Morningstar calls for clarity as US investors pull US$5 billion against electoral backdrop, while Europe registers slight inflows.
Global sustainable funds faced outflows of nearly US$2.5 billion in Q4 according to data from Morningstar, the first case of negative net quarterly flows for the sector, largely driven by US trends.
Last year, global sustainable funds gathered US$63 billion, less than half of the US$161 billion in 2022. Europe and the US account for a combined 95% of global sustainable fund assets, with 84% in the former and 11% in the latter.
The net outflows in Q4 were largely driven by US investors, who pulled a record US$5 billion from US sustainable funds in the quarter. This took the total net outflows for the year in the region to US$13 billion.
“I suspect that the sustainable investing landscape in the US is either maturing or at least reaching a temporary plateau”, Alyssa Stankiewicz, Associate Director of Sustainability Research at Morningstar, told ESG Investor. “The industry needs to become clearer about what the different terms – including ESG, sustainability and impact – mean and how they affect portfolio construction to regain confidence among US investors.”
In December, Tennessee Attorney General Jonathan Skrmetti filed a suit against BlackRock for allegedly misleading investors about the role of ESG considerations in investment decisions.
The US Securities and Exchange Commission (SEC) adopted a new ‘Names Rule’ last September to improve accuracy and reliability of the naming of investment funds.
Morningstar’s sustainable fund universe encompasses funds that “claim to focus on sustainability; impact; or ESG factors”.
In Q4 2022, sustainable fund flows attracted US$37 billion and assets reached US$2.5 trillion globally.
While Stankiewicz acknowledged the majority of last year’s outflows came from non-institutional share classes, she noted the demand for sustainable funds has fallen from their 2020-2021 peak and flows were “nearly flat” last year.
Morningstar suggested the causes behind the US outflows included greenwashing concerns, lacklustre returns on investment, the absence of clear regulation, as well as the continued and increasing politicisation of ESG and sustainable investing.
“Some institutional investors – in Texas and New Hampshire for example – have encountered increasing political pressure to move away from ESG-focused and ESG-integrated funds which we expect would contribute to weaker demand,” said Stankiewicz. “2024 is a national election year in the US, so I anticipate the political scrutiny of sustainable investing to continue.”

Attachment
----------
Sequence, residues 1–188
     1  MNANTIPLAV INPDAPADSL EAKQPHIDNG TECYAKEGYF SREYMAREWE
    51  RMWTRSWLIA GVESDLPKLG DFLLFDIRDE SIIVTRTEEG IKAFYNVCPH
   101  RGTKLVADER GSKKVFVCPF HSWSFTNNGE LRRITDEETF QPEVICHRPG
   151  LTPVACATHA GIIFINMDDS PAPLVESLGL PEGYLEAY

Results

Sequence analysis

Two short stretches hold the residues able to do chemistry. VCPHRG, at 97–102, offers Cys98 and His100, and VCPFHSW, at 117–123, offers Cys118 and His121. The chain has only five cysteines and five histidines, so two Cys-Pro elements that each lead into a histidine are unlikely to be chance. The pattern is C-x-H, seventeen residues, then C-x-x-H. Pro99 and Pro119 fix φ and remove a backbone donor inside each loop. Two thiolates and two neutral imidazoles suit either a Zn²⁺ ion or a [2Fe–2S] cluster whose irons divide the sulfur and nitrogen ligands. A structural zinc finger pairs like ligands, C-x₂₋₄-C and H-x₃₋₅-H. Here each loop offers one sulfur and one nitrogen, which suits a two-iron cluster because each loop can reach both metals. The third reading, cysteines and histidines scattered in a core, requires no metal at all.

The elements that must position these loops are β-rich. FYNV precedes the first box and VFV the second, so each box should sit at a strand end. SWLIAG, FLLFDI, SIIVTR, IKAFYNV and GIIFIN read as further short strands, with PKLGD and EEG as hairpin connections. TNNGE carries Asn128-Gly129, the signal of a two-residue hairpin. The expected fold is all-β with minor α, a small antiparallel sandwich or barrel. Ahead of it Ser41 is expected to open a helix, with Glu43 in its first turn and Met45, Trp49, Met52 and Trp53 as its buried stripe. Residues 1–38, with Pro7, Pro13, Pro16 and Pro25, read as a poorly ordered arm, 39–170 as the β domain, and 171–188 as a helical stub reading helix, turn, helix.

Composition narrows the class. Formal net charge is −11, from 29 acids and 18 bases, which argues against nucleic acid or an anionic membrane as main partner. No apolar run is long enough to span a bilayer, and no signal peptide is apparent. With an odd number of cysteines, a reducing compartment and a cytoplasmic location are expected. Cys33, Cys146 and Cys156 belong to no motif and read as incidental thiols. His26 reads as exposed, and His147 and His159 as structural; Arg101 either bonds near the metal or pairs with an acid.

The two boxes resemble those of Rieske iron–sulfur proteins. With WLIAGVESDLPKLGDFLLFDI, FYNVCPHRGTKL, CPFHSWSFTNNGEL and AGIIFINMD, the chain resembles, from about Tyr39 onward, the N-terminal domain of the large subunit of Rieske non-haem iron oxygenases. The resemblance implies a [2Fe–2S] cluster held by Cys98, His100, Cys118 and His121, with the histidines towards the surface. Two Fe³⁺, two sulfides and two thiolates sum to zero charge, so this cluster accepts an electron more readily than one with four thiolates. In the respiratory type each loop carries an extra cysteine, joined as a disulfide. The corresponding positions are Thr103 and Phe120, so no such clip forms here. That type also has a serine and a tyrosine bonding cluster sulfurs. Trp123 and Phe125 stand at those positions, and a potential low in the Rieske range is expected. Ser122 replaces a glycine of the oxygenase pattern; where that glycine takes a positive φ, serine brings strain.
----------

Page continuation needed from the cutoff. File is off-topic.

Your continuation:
The Morningstar report highlighted this was the fifth consecutive quarter where investor appetite for US sustainable funds was “weaker than for their conventional counterparts”.
The final quarter of 2023 marked a minimal rebound from the three-year low set for the launch and repurposing of US sustainable funds in Q3. Three new sustainable funds in that three-month period were followed by seven in Q4, down from 27 in Q2.
A total of 67 new sustainable fund launched last year in the US, a sharp fall from more than 100 in both 2021 and 2022.
“To me, this dramatic change signifies that we are at an inflection point,” said Stankiewicz. “The next year or two should be very interesting on the regulatory front and for investor expectations.”
Europe “holds up”
While European sustainable funds only attracted US$3.3 billion of net new money in Q4, down from the revised US$11.8 billion of inflows in Q3. Europe and Australia/New Zealand were the only regions to see inflows of over half a billion.
Overall last year, European sustainable funds garnered US$76 billion, while conventional funds suffered annual outflows of US$50 billion.
“The global ESG fund flow picture in the last quarter may look bleak but ESG funds in Europe – by far the largest market – continued to hold up better than the rest of the fund universe,” said Hortense Bioy, Global Director of Sustainability Research at Morningstar. “Global ESG fund assets kept rising too.”
However, demand for Article 8 funds under Sustainable Finance Disclosure Regulation dipped, registering a record €26.7 billion (US$29 billion) of outflows in Q4, while Article 9 funds suffered first-ever quarterly outflows of €4.7 billion.
Article 8 funds promote “environmental and/or social characteristics”, while Article 9 refers to products that have a sustainable investment objective; all holdings within a fund must be sustainable investments that meet the standard of “do no significant harm”.
According to Morningstar, this was driven by “persistent macroeconomic pressures and waning investor appetite for ESG and sustainable products”.
The firm also pointed out that active sustainable funds suffered the strongest outflows in Europe in Q4 while passive funds maintained “positive momentum”. Article 6 funds experienced net inflows of €15.7 billion over the quarter.
Overall across the quarter, sustainable funds “fared better” than the European conventional funds, which bled US$25.4 billion in the past three months, Morningstar noted.
“In past reports, we have shown that flows into European sustainable funds have been resilient, compared with the rest of the world and especially the US,” said Stankiewicz.